Wovoka’s Scientific Advisor and Blue Carbon Expert Hilary Stevens On The Challenges of Mangrove Restoration

May 30, 2024

About Hilary

Hilary Stevens has established herself as a leading expert in coastal resilience, dedicating over 22 years to enhancing environmental sustainability and community engagement. As the current Coastal Resilience Senior Manager at Restore America’s Estuaries, Stevens leads the Blue Carbon National Working Group.

From 2001 to 2003, Hilary served as a Peace Corps Volunteer in Palompon, Leyte, Philippines where she worked with local government units to protect mangroves, educate local school children about environmental issues, and encourage eco-tourism.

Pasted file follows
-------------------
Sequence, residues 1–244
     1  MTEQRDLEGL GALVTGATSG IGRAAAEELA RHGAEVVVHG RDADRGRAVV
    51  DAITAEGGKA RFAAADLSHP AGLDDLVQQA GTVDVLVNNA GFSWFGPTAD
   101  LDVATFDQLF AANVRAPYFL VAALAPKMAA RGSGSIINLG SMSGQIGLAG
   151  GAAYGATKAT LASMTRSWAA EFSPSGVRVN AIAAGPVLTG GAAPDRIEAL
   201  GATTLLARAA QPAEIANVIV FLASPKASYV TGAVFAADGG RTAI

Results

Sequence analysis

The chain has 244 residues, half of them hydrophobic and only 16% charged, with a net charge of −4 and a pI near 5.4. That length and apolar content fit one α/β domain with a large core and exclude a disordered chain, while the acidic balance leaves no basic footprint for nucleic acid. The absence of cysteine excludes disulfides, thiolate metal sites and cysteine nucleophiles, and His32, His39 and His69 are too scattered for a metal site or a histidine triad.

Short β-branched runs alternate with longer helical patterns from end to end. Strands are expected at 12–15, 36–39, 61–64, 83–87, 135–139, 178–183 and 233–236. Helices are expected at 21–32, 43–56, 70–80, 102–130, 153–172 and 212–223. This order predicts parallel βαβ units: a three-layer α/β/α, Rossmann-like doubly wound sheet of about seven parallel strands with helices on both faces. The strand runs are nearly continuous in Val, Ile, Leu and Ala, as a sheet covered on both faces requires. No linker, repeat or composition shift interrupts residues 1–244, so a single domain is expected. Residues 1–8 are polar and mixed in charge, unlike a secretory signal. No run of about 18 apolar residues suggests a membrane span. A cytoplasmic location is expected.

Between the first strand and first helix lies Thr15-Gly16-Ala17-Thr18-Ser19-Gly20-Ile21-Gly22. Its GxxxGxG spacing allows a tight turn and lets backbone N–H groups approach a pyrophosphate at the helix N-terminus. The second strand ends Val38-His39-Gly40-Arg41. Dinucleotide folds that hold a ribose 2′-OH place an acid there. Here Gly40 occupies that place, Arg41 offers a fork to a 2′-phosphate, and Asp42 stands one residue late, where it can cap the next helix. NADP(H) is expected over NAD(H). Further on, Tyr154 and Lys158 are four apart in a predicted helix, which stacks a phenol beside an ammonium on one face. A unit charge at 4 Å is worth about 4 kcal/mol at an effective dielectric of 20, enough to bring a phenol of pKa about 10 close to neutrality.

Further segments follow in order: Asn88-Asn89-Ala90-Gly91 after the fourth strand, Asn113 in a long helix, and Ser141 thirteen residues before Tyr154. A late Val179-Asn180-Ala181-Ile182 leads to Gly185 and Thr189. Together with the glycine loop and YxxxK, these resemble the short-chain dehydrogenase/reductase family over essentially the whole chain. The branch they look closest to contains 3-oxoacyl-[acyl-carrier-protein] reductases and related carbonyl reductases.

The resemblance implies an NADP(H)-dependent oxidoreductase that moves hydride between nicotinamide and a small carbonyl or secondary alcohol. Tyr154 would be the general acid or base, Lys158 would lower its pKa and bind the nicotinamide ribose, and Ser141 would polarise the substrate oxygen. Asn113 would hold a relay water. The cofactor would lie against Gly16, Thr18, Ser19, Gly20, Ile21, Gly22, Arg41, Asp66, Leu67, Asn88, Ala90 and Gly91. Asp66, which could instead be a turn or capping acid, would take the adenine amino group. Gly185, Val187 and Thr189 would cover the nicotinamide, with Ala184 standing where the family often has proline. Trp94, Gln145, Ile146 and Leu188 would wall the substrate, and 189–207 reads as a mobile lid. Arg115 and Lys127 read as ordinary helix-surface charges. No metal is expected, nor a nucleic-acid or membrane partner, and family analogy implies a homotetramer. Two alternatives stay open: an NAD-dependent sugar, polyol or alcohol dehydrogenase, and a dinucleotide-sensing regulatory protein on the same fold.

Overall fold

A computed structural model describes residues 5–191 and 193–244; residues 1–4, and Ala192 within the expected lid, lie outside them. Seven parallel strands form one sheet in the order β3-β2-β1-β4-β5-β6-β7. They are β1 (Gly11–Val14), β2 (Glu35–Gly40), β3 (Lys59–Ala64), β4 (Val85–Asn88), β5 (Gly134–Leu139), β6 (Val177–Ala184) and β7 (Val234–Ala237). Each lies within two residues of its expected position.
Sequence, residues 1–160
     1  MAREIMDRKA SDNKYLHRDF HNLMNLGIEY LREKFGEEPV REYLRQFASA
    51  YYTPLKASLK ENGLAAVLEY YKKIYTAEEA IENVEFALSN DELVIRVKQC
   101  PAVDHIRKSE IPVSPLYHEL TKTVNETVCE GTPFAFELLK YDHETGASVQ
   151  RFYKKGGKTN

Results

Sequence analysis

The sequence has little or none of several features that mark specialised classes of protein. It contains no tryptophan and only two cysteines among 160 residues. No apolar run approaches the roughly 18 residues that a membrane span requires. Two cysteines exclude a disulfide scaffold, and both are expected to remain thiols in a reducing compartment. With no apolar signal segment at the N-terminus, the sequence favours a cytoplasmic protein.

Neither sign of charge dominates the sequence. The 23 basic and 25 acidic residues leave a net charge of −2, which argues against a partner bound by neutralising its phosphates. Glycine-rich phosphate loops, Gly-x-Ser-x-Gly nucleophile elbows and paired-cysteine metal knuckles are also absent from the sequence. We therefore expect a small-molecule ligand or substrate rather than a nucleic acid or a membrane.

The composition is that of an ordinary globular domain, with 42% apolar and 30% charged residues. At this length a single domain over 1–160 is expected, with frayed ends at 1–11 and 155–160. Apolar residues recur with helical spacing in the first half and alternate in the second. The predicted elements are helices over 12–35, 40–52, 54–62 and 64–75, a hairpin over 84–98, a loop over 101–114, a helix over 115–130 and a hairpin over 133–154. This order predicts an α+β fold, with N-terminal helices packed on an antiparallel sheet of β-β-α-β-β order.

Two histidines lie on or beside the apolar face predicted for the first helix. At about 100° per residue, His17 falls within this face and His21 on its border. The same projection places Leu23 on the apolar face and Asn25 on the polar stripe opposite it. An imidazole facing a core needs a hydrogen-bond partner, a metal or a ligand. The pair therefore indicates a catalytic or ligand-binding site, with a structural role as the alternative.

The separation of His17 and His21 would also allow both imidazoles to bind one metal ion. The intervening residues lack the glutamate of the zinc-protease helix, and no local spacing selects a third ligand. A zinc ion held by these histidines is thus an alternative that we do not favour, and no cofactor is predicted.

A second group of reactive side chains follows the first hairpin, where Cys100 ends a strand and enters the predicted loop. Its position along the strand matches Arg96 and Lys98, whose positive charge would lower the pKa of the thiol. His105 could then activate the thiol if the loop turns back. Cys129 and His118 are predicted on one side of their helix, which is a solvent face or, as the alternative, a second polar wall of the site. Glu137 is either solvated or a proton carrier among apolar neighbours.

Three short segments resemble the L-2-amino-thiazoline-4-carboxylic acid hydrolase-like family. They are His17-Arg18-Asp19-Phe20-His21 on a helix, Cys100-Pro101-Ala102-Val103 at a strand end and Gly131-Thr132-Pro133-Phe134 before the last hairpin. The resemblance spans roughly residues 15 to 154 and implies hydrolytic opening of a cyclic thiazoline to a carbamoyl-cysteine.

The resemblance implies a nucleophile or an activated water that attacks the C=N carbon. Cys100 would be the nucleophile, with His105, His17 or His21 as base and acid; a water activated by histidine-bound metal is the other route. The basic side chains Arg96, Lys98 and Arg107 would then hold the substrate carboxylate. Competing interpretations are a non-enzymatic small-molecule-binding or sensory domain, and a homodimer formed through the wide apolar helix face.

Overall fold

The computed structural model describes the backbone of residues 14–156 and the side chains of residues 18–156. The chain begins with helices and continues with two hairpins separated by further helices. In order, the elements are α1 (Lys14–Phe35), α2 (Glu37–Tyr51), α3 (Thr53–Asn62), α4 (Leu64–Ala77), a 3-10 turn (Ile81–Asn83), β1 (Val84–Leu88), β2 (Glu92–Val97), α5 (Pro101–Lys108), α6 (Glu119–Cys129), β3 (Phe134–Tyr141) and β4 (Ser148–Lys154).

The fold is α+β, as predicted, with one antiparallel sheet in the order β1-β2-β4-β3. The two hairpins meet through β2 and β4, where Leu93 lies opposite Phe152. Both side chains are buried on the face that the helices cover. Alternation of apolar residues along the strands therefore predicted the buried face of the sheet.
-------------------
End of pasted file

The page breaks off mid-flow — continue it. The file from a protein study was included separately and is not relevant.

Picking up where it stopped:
Hilary boasts a diverse expertise in legislative education, community practice enhancement, and coastal resilience. Over the years, she has made substantial contributions to shaping estuary protection policies and practices, impacting efforts nationally and globally.

Her work at RAE

In an interview with Wovoka, Stevens started by sharing an overview of the interesting work that she has been doing at Restore America’s Estuaries (RAE). 

“Being Coastal Resilience Senior Manager is an enjoyable opportunity for me. Given the small size of our organization, my role is quite broad, requiring me to wear multiple hats and take on various responsibilities. Primarily, I lead the blue carbon program, which involves coordinating several projects across the U.S. Since we are actively working on developing methodologies for the conservation and restoration of tidal ecosystems, I collaborate a lot with researchers deployed in our sites and expand our networks both regionally and nationally.”